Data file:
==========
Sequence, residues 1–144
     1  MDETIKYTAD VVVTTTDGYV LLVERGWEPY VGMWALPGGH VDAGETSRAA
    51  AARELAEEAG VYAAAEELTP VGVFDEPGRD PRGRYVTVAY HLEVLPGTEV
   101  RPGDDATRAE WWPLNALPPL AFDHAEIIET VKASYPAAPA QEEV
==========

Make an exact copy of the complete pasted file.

Sequence, residues 1–144
     1  MDETIKYTAD VVVTTTDGYV LLVERGWEPY VGMWALPGGH VDAGETSRAA
    51  AARELAEEAG VYAAAEELTP VGVFDEPGRD PRGRYVTVAY HLEVLPGTEV
   101  RPGDDATRAE WWPLNALPPL AFDHAEIIET VKASYPAAPA QEEV